A specific theme has been surfacing lately across many of my students and mentees. All of them have great ideas to improve their work situations that help their coworkers and colleagues. These ideas usually get shot down by a boss, manager, or client. My students ask me what they can do about this.
To which I reply, “How much of a rascal are you?”
For many, it’s important to know that they’re doing a good job at work. Doing a good job often means following a previously established standard. When you’re trying to change something, you’re actively subverting the current standard. Even further, you’re actively subverting the current standard in an attempt to abolish and replace it.
That means that, for a time, you won’t be doing a good job. In fact, you’ll be doing a bad job, on purpose, at least according to the current standard until a new standard gets implemented.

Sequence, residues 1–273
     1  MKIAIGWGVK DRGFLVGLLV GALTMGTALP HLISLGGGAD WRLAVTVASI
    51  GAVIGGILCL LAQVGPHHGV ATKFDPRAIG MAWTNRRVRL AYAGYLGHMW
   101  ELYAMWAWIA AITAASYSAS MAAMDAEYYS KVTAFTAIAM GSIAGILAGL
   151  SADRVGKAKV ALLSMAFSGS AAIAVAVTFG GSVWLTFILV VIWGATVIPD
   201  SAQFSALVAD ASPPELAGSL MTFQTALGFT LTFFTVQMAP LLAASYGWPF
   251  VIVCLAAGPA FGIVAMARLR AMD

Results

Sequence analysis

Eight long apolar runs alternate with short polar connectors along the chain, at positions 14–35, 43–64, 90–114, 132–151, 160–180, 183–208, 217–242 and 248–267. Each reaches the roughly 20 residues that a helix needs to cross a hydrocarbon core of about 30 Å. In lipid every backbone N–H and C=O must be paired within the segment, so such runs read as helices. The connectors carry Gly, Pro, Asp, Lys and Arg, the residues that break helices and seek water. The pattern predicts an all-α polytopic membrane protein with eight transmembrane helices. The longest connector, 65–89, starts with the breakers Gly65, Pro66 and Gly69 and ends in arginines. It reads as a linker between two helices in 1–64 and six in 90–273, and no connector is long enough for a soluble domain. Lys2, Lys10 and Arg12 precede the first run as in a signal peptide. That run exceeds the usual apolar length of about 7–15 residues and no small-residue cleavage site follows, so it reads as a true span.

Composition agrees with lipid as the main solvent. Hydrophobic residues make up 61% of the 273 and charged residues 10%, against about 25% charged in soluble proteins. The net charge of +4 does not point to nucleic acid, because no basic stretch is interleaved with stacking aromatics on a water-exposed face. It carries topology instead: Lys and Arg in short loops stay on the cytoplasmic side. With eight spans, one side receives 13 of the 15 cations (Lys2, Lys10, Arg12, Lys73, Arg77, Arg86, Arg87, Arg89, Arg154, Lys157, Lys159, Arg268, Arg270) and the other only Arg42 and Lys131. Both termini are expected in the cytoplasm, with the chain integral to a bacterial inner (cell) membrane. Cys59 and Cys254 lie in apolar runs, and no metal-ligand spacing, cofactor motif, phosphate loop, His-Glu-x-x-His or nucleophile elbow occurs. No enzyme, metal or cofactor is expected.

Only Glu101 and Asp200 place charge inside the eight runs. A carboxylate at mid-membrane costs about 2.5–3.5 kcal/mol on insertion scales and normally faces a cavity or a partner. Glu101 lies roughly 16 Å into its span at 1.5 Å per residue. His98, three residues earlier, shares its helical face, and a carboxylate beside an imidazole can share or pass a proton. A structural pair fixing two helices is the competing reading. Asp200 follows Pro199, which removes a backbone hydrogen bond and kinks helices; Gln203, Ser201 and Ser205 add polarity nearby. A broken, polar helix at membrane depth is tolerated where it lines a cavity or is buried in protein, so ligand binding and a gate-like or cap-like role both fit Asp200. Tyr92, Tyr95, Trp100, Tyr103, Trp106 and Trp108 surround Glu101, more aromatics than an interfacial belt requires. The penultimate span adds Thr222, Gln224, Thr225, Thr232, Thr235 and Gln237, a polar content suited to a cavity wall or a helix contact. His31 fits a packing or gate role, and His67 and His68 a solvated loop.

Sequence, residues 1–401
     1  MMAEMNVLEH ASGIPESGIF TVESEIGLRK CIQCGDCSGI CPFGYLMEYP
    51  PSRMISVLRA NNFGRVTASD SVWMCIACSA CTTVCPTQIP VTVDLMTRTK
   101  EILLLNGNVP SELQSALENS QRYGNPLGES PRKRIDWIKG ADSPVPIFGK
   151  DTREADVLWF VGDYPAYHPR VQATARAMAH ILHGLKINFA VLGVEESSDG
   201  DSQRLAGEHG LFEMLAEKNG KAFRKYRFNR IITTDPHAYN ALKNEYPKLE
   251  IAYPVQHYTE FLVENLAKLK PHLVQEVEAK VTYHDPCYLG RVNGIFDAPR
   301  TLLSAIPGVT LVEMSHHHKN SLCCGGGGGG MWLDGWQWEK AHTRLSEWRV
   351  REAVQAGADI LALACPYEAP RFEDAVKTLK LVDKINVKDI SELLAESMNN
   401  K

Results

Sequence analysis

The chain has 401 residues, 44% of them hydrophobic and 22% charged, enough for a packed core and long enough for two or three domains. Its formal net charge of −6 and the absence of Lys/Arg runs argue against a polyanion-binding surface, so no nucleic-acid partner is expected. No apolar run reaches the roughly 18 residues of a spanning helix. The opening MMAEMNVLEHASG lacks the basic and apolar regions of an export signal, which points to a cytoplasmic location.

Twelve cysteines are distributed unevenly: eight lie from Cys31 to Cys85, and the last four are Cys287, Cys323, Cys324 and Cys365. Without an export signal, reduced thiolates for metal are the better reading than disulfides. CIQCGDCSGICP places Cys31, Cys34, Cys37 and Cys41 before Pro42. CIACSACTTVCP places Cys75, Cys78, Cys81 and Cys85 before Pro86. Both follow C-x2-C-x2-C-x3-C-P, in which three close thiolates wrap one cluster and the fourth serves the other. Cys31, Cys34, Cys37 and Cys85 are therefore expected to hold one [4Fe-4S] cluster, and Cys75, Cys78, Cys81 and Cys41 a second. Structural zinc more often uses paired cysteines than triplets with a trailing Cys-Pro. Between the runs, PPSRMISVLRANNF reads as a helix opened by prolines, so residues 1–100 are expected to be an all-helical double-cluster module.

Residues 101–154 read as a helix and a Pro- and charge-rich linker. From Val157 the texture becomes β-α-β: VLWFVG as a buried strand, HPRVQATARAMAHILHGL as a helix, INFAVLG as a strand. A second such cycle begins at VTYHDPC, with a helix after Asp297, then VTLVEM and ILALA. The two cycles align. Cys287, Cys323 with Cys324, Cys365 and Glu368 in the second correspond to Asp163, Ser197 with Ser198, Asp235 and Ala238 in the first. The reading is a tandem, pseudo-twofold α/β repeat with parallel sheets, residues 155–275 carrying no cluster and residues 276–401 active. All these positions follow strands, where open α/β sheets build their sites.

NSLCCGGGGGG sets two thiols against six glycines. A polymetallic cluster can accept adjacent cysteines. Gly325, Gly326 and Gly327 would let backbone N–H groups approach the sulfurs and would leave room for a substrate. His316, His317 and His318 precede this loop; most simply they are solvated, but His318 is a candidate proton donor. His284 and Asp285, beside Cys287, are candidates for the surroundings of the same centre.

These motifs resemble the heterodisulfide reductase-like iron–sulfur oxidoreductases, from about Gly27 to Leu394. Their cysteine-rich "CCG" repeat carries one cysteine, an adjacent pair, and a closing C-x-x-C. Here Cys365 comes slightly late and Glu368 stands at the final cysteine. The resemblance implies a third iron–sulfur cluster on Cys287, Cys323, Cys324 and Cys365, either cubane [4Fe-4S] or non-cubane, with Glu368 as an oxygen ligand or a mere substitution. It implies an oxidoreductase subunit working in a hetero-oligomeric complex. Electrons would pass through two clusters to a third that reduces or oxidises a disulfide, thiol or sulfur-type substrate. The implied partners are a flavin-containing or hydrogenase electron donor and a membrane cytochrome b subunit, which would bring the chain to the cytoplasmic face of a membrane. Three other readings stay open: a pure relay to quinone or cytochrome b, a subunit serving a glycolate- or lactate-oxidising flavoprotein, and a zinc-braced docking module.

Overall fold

No manager in their right mind would give you permission to subvert the status quo, to intentionally do “a bad job.” It’s too risky to their jobs, unless of course they are rascals too.
How much tolerance do you have for knowing you’ll be doing “a bad job” when though you know you’re doing a good job? This is why many changemakers are people who are intrinsically motivated, not extrinsically motivated.
So, how do you change something if you don’t have the approval to do it? Do it anyway, but don’t tell anyone you’re doing it. Only share the results when your work is done.
This goes against the common wisdom of being a good direct report and colleague. You’re supposed to say what you’re going to do before you do it, do it, then say what you did. But that’s not what rascals do.
The key is not doing all of the work before you share it. That’s pragmatic; it’s not feasible to do months of work under the radar without your boss noticing. So only do the first 10% of it, enough to see some results. Then share it with your boss and ask for the resources, budget, time, space, whatever to continue earning results like this in a larger way.
To be a good rascal, don’t wait for permission to start. Get permission to keep going.
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